• The top result receives 35% of all clicks, with the stats skewing higher on mobile
  • Google dominated general internet search markets in all 31 countries of the European Economic Area
  • The tech giant captured a market share of about 90%

Traffic to Google’s comparison shopping service increased significantly as a result of their illegal practices—up to 45-fold in the UK. On the other hand, the commission discovered competitor sites felt sudden drops of traffic: from 80% in France, to 85% in the UK, up to 92% in Germany. The rival services adapted and managed to recover—though never in full.

The Google Antitrust Case: Google Speaks Out

Google senior vice president and general counsel Kent Walker issued a statement minutes after the E.U. announcement. In it, Walker claimed the company’s shopping site helps both consumers and advertisers.

“When you shop online, you want to find the products you’re looking for quickly and easily. And advertisers want to promote those same products,” said Google senior vice president and general counsel Kent Walker.

“That’s why Google shows shopping ads, connecting our users with thousands of advertisers, large and small, in ways that are useful for both. We respectfully disagree with the conclusions announced today,” Walker said. “We will review the Commission’s decision in detail as we consider an appeal, and we look forward to continuing to make our case.”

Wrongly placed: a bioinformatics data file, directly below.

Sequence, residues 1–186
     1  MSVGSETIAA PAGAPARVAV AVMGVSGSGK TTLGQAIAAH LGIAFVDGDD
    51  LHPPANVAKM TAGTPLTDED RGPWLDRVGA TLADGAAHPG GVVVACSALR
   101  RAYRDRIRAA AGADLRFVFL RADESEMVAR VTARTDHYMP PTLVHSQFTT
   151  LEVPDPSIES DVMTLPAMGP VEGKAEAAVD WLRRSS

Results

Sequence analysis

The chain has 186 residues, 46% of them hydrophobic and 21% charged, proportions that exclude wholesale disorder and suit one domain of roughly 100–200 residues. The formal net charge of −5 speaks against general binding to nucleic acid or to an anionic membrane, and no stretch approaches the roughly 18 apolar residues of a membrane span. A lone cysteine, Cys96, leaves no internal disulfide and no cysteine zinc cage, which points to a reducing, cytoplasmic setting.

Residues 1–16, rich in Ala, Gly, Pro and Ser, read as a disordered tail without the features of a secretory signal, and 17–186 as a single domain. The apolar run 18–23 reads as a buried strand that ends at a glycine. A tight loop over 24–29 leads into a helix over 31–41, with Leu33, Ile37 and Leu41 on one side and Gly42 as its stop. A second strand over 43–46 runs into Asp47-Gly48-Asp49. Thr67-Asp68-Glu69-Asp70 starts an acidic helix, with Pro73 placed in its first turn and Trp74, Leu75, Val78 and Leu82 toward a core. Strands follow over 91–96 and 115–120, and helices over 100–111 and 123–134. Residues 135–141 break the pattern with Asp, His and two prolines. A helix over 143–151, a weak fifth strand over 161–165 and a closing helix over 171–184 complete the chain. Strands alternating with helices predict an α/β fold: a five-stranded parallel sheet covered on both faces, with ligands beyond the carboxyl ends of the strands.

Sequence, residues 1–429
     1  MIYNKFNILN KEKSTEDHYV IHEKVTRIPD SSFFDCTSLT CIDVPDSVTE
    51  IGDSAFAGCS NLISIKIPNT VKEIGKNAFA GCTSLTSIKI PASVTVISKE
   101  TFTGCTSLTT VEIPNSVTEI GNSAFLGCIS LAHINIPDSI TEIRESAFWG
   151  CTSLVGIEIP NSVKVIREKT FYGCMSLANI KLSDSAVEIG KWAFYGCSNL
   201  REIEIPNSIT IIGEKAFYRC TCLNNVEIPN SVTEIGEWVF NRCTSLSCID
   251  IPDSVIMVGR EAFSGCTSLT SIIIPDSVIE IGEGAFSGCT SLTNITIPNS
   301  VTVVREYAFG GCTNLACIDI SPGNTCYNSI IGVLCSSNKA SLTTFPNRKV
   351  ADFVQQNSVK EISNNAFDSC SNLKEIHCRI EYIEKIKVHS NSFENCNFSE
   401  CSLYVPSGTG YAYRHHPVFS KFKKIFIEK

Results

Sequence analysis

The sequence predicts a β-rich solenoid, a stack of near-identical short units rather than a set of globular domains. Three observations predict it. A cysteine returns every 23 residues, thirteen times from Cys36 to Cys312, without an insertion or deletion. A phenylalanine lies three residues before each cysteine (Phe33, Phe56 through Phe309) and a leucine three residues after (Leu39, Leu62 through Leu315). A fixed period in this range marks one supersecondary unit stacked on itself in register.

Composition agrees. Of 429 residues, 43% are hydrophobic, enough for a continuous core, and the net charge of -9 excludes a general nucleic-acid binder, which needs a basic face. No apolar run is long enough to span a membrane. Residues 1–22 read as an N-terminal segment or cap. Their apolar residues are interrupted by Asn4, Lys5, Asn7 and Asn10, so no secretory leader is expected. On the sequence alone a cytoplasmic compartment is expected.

The European Commission mandated that Google open up its shopping search results to competitors. If the company does not abide by the judgment within 90 days, it could face penalties of up to 5% of the daily worldwide turnover of corporate parent Alphabet Inc., which boasted $90.7 billion in turnover last year.

The Google Antitrust Case: Business Shaken Up

In addition, the commission holds preliminary findings that Google abused its dominant position in two other cases, which are still under investigation.

The first case involves the Android operating system, which the commission believes has “stifled choice and innovation” in a variety of mobile apps and services by “pursuing an overall strategy on mobile devices to protect and expand its dominant position in general internet search”.